- D/E ratio = 423/ 600 = 70.53%
- Levered beta= 0.96 (1+ (1-.4) (.7053)) =1.366234212
- Cost of equity = 3.5% + 1.366 (4.5%) = 9.65%
- Cost of capital = (600/1023) (9.65%) + (423/1023) (5%(1-.4)) = 6.90%

Aswath Damodaran

Earnings checklist

- Update the cash flows: Use trailing 12 month numbers instead of the most recent annual report.
- Normalize the numbers: If there are unusual or truly extraordinary items, remove them from the analysis.
- Correct for accounting inconsistencies:
- Capitalize any financial expenses (such as leases) that are being treated as operating expenses.
- Move R&D and like expenses from the operating to the capital expense column
- Choose a tax rate: You can use the effective tax rate for cash flows for the near term but you should move towards a marginal tax rate.

Aswath Damodaran

R&D Expenses: Operating or Capital Expenses

- Accounting standards require us to consider R&D as an operating expense even though it is designed to generate future growth. It is more logical to treat it as capital expenditures.
- To capitalize R&D,
- Specify an amortizable life for R&D (2 - 10 years)
- Collect past R&D expenses for as long as the amortizable life
- Sum up the unamortized R&D over the period. (Thus, if the amortizable life is 5 years, the research asset can be obtained by adding up 1/5th of the R&D expense from five years ago, 2/5th of the R&D expense from four years ago...:

Aswath Damodaran

Cash flow checklist

- Net Capital Expenditures: Define these broadly to include not only the stated cap ex in the statement of cash flows but R&D expenses and acquisition costs.
- Working capital: Count only non-cash working capital investments. You may have to normalize this number, if it is volatile.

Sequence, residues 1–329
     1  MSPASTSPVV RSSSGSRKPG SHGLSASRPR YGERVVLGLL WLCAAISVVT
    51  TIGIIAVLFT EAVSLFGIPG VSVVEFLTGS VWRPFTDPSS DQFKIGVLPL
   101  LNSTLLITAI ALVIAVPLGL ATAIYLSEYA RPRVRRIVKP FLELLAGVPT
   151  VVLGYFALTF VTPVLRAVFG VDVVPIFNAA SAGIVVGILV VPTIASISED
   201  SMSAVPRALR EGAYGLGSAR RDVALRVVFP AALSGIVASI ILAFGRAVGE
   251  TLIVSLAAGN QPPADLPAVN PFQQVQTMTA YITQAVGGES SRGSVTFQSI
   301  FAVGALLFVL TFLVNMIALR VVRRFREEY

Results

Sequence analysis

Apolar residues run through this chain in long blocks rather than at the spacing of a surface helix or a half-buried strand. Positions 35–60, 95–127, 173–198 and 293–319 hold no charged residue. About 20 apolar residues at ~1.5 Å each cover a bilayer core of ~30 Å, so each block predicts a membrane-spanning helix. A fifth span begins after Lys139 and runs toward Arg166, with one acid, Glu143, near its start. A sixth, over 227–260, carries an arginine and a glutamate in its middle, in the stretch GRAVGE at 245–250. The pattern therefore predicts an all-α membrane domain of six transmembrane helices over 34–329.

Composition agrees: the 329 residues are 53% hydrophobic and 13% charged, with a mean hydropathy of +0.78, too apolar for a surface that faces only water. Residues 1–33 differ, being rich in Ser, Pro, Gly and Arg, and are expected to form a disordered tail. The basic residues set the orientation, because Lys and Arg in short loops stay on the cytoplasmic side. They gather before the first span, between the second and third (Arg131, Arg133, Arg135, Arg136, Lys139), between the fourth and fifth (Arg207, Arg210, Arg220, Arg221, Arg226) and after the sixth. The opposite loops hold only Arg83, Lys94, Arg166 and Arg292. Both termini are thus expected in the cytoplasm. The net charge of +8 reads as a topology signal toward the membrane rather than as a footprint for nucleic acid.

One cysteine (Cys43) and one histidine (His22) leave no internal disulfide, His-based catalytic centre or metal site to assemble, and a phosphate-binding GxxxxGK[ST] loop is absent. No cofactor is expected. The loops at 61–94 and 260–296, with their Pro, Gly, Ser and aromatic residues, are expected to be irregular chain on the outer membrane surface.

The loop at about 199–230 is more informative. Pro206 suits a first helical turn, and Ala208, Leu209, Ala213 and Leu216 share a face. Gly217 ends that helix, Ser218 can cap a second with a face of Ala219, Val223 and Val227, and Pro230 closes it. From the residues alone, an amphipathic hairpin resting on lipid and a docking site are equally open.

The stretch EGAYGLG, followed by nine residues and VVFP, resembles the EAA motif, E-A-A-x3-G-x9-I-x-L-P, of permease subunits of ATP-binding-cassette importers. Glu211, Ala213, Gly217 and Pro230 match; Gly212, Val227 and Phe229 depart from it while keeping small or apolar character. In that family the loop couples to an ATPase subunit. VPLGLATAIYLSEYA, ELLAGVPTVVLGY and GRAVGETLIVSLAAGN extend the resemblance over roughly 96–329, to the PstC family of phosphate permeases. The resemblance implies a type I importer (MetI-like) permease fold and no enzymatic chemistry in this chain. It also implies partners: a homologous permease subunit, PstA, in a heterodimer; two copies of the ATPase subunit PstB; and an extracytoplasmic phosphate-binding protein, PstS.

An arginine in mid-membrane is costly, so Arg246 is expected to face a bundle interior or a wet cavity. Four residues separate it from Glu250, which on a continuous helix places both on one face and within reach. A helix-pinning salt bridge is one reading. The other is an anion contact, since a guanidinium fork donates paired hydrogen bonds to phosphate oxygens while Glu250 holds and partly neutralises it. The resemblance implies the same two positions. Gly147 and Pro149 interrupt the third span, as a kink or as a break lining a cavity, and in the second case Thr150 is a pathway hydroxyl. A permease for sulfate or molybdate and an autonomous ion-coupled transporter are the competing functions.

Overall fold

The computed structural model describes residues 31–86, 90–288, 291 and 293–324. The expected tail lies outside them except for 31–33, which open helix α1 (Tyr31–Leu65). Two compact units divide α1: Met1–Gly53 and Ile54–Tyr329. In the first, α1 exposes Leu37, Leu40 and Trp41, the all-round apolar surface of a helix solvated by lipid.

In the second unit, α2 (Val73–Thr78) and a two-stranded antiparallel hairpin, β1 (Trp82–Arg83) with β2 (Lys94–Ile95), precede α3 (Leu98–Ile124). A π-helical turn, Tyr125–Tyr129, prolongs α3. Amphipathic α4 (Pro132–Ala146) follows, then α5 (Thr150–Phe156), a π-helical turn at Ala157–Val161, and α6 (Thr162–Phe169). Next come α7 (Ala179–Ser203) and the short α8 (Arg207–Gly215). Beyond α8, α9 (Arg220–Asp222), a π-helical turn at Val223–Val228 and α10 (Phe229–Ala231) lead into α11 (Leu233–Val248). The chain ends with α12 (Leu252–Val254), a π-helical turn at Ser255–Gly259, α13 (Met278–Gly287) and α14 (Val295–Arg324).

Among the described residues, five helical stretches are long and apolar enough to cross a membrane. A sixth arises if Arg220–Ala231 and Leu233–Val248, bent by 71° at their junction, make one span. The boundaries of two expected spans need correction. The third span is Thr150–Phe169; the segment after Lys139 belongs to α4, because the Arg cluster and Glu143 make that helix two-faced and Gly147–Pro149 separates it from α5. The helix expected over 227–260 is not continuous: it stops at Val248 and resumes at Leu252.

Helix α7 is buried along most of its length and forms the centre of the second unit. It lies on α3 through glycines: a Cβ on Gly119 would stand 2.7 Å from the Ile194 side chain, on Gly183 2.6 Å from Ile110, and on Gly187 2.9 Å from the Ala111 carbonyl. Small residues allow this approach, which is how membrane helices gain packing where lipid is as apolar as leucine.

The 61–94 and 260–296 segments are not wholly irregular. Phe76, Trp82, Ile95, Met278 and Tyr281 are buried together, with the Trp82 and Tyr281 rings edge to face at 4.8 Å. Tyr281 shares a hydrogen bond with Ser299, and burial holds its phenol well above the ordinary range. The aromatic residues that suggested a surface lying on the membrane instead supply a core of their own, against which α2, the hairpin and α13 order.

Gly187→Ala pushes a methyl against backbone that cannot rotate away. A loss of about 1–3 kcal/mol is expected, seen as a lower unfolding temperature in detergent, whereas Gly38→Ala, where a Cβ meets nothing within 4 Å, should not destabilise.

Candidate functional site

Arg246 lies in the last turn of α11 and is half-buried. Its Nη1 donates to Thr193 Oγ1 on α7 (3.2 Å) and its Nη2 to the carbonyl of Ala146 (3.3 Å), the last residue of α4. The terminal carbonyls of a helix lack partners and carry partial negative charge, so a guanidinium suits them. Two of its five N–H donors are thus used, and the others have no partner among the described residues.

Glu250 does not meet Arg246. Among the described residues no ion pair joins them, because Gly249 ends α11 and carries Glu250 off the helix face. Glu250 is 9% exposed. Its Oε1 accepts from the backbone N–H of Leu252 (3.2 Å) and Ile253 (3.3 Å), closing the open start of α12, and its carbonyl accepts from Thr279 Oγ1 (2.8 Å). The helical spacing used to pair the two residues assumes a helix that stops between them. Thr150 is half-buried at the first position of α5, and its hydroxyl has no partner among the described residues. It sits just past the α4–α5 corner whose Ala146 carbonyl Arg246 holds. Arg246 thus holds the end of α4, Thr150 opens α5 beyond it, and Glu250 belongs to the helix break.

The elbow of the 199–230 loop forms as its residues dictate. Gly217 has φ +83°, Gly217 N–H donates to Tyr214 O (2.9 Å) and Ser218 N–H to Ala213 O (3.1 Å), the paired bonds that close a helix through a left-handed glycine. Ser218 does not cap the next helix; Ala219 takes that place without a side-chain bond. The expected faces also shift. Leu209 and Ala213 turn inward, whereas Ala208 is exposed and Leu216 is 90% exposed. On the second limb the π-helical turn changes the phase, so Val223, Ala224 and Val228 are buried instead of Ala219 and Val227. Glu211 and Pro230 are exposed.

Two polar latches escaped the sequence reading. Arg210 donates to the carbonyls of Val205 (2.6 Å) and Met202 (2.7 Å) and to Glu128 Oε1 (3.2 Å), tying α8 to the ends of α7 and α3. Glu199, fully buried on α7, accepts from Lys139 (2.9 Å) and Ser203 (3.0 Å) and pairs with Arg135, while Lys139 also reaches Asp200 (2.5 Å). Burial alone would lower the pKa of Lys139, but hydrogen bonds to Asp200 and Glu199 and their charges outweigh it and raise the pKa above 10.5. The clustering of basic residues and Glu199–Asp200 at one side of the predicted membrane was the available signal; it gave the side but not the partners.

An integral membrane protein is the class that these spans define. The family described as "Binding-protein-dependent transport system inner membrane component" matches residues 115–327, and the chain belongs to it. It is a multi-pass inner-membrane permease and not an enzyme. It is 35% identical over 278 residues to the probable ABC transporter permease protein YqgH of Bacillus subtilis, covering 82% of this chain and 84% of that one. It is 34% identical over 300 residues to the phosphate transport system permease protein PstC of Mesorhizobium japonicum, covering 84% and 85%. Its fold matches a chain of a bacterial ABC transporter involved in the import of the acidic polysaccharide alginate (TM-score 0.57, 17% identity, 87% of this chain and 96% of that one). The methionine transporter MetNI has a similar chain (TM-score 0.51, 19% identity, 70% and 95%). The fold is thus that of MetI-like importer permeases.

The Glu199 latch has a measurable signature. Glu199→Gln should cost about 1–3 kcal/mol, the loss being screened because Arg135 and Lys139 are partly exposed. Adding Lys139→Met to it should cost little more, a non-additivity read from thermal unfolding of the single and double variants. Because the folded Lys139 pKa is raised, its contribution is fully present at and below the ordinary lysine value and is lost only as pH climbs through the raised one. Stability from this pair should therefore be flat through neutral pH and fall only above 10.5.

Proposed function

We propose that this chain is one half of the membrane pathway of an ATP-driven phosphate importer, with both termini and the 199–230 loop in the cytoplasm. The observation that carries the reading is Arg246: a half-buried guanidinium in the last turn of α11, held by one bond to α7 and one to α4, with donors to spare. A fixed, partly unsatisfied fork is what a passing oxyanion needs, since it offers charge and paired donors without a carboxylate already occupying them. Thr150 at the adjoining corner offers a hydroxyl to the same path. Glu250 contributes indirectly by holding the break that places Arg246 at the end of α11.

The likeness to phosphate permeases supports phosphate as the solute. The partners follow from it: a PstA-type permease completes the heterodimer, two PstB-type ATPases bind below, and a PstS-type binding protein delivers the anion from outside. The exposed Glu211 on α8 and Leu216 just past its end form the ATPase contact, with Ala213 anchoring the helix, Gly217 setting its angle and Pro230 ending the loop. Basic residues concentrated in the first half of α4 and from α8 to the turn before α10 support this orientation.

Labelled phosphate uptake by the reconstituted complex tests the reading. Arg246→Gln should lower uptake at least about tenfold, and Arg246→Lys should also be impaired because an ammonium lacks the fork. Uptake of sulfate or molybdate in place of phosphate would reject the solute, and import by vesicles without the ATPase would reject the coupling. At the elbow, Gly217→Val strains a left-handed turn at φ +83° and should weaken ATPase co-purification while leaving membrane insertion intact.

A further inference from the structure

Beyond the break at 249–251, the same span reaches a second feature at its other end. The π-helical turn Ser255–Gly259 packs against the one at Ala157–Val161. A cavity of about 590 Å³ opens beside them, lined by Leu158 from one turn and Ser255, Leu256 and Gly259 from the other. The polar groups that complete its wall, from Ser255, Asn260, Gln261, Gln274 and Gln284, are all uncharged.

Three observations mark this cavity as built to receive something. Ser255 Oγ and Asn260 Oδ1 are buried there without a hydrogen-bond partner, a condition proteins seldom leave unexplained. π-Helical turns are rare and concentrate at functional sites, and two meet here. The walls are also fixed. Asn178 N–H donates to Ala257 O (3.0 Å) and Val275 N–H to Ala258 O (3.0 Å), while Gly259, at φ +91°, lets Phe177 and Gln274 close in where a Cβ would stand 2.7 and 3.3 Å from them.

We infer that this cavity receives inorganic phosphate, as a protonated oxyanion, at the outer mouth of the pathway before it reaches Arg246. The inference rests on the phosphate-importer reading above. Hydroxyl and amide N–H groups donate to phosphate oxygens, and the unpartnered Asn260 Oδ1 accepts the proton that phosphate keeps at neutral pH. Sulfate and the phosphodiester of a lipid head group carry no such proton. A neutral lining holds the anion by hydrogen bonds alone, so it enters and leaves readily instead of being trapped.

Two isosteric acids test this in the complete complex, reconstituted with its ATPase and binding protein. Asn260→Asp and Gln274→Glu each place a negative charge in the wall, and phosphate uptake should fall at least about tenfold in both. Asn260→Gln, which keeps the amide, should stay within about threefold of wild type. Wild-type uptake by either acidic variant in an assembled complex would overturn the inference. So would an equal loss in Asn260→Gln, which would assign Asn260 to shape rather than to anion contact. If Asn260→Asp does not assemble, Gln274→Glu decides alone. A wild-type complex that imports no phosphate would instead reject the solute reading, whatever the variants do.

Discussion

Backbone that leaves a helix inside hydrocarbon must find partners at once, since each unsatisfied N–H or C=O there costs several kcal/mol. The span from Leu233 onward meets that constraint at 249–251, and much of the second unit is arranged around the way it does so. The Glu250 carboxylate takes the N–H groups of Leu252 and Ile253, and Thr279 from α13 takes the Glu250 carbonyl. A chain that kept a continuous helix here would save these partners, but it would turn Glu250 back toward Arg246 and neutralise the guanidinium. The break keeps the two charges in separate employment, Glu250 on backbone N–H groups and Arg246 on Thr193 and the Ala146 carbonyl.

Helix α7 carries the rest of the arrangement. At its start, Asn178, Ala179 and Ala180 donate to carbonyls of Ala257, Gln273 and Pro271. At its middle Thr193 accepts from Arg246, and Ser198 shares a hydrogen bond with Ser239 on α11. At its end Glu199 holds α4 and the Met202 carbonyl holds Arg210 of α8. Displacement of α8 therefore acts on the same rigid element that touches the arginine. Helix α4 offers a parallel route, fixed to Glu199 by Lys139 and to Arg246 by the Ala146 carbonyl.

Aswath Damodaran

Cash flow to equity

- In general, here is how you compute FCFE

Net Income

- (Capital Expenditures - Depreciation)

- Changes in non-cash Working Capital

- (Principal Repayments - New Debt Issues)

= Free Cash flow to Equity

- If leverage is stable, you can use this short cut:

Net Income

- (1- ) (Capital Expenditures - Depreciation)

- (1- ) Working Capital Needs

= Free Cash flow to Equity

= Debt/Capital Ratio

Aswath Damodaran

Quiz problem: R&D adjustment

You have been asked to review the numbers for TalkTones, a social media company that is planning to go public. The company reported the following revenues and operating income (in millions):

The cost of acquiring new customers accounted for half of all operating expenses in each of the period and the company offers strong evidence that acquired customers stay on as customers for three years. The company reported book equity of $100 million at the end of the most recent year and had no debt. If you capitalize customer acquisition costs and the corporate tax rate is 40%, estimate

- The corrected after-tax operating income for the company for the most recent year.
- The corrected after-tax return on capital for the most recent year.

Aswath Damodaran

Solution

Corrected Book value of equity (capital) = 100 + 1000 = 1100

Corrected after-tax return on capital = 100/1100 = 9.09%

Aswath Damodaran